But apparently, Canon doesn’t agree with that. At all. Their new RF mount was launched in 2018, but they still don’t have RF versions for some of their older EF ‘L’ lenses, such as the 24mm f/1.4 and the 35mm f/1.4, meaning you have to buy the EF to RF adapter and just use the older lenses for now. So wouldn’t it be great if at least there where at least some third-party lenses to choose from? That would attract new customers to your camera system, right? But Canon doesn’t care. They have actually threatened legal action against third-party lens manufacturers if they sell auto focus lenses for the RF-mount. Korean lens maker Samyang was already selling a well reviewed and very competitively priced 85mm portrait lens for the RF system, but removed it from the market after Canon’s bullying. So as a result, you can now only get third-party manual focus lenses. Fun fact: one of Canon’s MAIN SELLING POINTS for their RF cameras is the advanced autofocus. And there is no way you can use a manual 85mm f/1.4 lens (for example) on any moving subject and expect to nail focus manually. Not unless it’s the Titanic moving along as slow as a drifting iceberg. As a result, we are essentially forced to buy only Canon lenses, or mess around with adapted lenses.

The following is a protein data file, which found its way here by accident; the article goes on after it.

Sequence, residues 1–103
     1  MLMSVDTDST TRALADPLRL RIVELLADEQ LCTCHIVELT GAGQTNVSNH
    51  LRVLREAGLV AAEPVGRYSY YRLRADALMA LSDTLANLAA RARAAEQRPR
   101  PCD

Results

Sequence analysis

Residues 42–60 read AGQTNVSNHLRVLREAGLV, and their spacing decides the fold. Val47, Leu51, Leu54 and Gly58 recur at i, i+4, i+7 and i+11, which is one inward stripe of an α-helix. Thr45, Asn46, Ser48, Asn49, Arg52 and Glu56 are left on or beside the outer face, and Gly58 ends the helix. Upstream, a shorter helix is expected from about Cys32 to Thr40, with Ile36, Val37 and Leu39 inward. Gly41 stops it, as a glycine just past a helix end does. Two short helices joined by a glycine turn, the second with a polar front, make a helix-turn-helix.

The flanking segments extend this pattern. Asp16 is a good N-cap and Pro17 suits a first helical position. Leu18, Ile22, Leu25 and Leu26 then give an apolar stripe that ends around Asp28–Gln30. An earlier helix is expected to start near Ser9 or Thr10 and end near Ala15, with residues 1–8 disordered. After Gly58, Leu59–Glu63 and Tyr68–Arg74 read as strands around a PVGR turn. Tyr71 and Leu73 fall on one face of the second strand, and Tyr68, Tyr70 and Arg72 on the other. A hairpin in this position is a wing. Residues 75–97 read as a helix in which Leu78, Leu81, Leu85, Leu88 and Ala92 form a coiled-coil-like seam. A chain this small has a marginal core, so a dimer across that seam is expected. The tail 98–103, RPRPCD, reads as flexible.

I only I had known this when I bought my Canon R6… Because of Canon’s bad attitude, I now mostly shoot with EF lenses using an adapter. I bought a new 28mm f/1.4 Sigma lens for wider shots, and a secondhand Canon 135mm f/2 EF L lens for portraits. Both those lenses were well under $1000, which is nice. But both those lenses are also older design, and because they require an adapter stick out about an inch further from the camera body. That makes a difference with heavy lenses like these, because it makes the camera more front-heavy and thus more awkward to shoot with—though I do have to say that they still produce great photos.